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Thursday, March 21, 2013

Between Local and Global Racism

What about ‘Global Racism’? Some Reflections on Kwame Anthony Appiah’s Essay on ‘Racisms’

“We see it everywhere” – Kwame Anthony Appiah

Chambi Chachage

Kwame Anthony Appiah, both as a person and philosopher, has had a very uneasy relationship with his/our African identity. This is particularly evident when one juxtaposes Appiah’s (1990) essay on ‘Racisms’ with Appiah’s (1992) book In My Father’s House: Africa in the Philosophy of Culture and Appiah’s (1997) article on ‘Cosmopolitan Patriot’. It is this uneasiness that informs his analyses of ‘racism(s)’.

Taking a postmodern pluralistic posture he persuasively argues – and can almost persuade anyone – that what is out there in the world is not racism. It is racisms. In this conception racism is not necessarily global – it is, in fact, local. Thus one can even imagine that a visitor from “Mars – or from Malawi – unfamiliar with the Western concept of racism could be excused if they had some difficulty in identifying what exactly racism was” (Appiah 1990: 3). In other words, a visitor from an African country that experienced British colonialism and its legitimizing myth-cum-ideology of global racism may find it difficult to identify it in the West as if ‘the West is local’!

When one reduces such a global catastrophe to local phenomena, he can easily assert that in “varieties of Pan-Africanism” race, rather than a shared history of experiencing Euro-American racism among people of Africa, is used “as a basis for moral solidarity” since it is “presupposed that a ‘people’” – in this case the “Negroes” – has “the basis for shared political life in the fact of being of the same race” (Appiah 1990: 11). One can even go an extra mile to thus contrast Zionism and Pan-Africanism in order to dismiss an African cultural identity born out of collective struggles against racism and its bedfellows – slavery and colonialism:

There are varieties of each form of ‘nationalism’ that make the basis lie in shared traditions; but however plausible this may be in the case of Zionism, which has in Judaism, the religion, a realistic candidate for a common and nonracial focus for nationality, the peoples of Africa have a good deal less in common culturally than is usually assumed. I discuss this issue at length in In My Father’s House: Essays in the Philosophy of African Culture, but let me say here that I believe the central fact is this: what blacks in the West, like secularized Jews, have mostly in common is that they are perceived – both by themselves and by others – as belonging to the same race, and that this common race is used by others as the basis of discriminating against them. “If you ever forget you’re a Jew, a goy will remind you.” The Black Nationalists, like Zionists, responded to their experience of racial discrimination by accepting the racialism it presupposed” (Ibid.)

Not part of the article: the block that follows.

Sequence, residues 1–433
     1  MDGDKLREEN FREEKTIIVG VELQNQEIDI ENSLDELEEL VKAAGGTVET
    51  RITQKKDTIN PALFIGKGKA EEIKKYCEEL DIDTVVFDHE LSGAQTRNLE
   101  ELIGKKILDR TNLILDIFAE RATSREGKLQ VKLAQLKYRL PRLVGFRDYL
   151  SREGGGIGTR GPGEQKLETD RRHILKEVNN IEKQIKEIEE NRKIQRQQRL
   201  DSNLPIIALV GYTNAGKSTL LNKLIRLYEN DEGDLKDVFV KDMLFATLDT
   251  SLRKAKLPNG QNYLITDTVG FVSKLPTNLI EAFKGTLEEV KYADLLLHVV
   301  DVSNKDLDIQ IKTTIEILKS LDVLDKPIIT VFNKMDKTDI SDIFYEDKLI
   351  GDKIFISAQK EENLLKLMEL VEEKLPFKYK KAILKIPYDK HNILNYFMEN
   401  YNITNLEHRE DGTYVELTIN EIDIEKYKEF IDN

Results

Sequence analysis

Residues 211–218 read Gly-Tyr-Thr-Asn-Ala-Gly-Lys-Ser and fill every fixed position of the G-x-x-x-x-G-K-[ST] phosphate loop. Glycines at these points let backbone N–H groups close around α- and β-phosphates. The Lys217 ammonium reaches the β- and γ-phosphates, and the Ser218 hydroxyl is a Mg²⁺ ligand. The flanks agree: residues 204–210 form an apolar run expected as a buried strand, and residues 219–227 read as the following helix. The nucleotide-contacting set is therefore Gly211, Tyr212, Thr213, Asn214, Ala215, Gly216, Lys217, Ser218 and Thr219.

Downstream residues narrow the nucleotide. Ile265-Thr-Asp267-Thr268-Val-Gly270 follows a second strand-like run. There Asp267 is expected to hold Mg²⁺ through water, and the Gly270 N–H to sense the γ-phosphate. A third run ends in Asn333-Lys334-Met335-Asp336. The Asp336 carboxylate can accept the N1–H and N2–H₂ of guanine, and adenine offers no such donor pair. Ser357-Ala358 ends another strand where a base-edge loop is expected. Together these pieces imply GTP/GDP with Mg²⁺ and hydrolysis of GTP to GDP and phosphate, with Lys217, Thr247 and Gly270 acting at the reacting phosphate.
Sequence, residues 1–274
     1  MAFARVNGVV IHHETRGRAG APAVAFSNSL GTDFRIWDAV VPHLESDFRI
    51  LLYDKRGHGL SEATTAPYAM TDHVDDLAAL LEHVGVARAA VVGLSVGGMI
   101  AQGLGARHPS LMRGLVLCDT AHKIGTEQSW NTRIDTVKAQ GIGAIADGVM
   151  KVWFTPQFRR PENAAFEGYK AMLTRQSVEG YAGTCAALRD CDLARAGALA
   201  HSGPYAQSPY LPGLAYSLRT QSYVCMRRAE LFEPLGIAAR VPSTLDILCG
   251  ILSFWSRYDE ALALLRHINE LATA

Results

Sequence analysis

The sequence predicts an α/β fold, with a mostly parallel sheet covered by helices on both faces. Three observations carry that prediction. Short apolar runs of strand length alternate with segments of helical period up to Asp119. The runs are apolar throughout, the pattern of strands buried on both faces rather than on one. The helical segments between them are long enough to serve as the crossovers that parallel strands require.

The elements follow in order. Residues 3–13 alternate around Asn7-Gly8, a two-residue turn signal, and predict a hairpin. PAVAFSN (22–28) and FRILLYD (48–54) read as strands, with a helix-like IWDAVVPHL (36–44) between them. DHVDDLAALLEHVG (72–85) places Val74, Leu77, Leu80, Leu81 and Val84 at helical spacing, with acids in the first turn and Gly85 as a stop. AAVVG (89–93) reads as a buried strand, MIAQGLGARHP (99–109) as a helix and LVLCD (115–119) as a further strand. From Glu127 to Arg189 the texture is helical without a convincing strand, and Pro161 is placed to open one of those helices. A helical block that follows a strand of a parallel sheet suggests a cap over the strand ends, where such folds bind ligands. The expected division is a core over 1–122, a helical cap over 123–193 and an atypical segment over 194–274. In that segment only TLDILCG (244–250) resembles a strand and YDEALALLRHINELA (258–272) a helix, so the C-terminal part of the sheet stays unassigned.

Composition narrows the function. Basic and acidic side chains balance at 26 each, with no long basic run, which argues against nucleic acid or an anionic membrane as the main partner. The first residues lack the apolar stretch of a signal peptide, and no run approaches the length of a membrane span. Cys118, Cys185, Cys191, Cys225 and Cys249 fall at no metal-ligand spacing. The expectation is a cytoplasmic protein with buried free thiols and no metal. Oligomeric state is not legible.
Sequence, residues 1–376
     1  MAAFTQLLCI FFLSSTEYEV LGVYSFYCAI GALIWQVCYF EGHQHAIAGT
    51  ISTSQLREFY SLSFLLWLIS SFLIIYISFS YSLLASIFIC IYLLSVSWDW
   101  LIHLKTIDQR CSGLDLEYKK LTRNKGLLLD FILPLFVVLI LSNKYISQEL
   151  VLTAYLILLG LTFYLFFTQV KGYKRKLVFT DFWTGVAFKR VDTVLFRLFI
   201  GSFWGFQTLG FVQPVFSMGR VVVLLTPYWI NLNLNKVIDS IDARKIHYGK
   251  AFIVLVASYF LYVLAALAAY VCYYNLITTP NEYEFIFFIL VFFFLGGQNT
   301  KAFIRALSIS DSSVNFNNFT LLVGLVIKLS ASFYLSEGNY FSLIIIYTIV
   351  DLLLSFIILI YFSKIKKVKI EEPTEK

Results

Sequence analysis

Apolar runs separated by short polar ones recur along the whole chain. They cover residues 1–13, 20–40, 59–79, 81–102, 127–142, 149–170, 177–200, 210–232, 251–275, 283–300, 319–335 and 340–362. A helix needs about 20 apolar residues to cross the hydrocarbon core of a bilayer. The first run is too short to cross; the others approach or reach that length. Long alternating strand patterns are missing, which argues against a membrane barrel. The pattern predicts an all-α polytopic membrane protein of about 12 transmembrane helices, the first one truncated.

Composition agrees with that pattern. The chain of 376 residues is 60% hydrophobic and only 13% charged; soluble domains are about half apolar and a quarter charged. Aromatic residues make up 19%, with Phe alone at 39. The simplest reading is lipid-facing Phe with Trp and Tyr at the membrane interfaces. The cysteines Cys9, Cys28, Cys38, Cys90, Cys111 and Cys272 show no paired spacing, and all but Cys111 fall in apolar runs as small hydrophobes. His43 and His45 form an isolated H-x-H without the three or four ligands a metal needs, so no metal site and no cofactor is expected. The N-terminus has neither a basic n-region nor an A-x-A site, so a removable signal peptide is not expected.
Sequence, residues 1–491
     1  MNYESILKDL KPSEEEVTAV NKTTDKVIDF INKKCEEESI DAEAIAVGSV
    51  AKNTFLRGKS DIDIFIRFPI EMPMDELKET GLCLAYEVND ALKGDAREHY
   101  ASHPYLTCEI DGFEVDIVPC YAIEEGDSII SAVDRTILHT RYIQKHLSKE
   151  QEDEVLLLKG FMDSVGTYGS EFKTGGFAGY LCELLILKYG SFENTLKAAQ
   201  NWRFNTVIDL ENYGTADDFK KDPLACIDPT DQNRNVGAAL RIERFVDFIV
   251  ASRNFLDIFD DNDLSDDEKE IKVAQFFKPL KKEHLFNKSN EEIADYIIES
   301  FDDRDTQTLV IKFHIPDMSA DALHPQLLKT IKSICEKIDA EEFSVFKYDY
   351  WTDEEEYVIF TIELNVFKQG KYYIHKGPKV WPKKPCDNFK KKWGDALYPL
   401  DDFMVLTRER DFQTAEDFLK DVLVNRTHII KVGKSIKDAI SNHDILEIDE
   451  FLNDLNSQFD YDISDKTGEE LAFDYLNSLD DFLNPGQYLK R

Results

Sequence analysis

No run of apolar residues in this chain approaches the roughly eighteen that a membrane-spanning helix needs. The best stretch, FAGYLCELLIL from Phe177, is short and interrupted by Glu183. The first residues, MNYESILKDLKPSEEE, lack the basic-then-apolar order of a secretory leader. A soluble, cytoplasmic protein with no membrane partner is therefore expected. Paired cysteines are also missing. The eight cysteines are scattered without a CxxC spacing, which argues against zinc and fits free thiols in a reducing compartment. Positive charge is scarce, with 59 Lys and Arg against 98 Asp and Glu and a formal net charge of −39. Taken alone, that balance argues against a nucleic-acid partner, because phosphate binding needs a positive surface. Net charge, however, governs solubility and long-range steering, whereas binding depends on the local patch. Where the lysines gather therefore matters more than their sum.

But, in fact, accepting – or even being forced to accept – “the racialism it presupposed” does not make an African or a black person for that matter a practitioner of what Appiah categorizes as “intrinsic racism” let alone “extrinsic’ racism” whereby, on the basis of the assimilation of “race feelings” to “family feeling”, the former is said to “seem so much less objectionable” than the latter. It is these kind of arguments that are easily used to normalize and perpetuate global racism/orientalism since one can simply claim that even Blacks/Africans are also ‘doing racism’. Appiah even thus invokes a dialectician to build his case: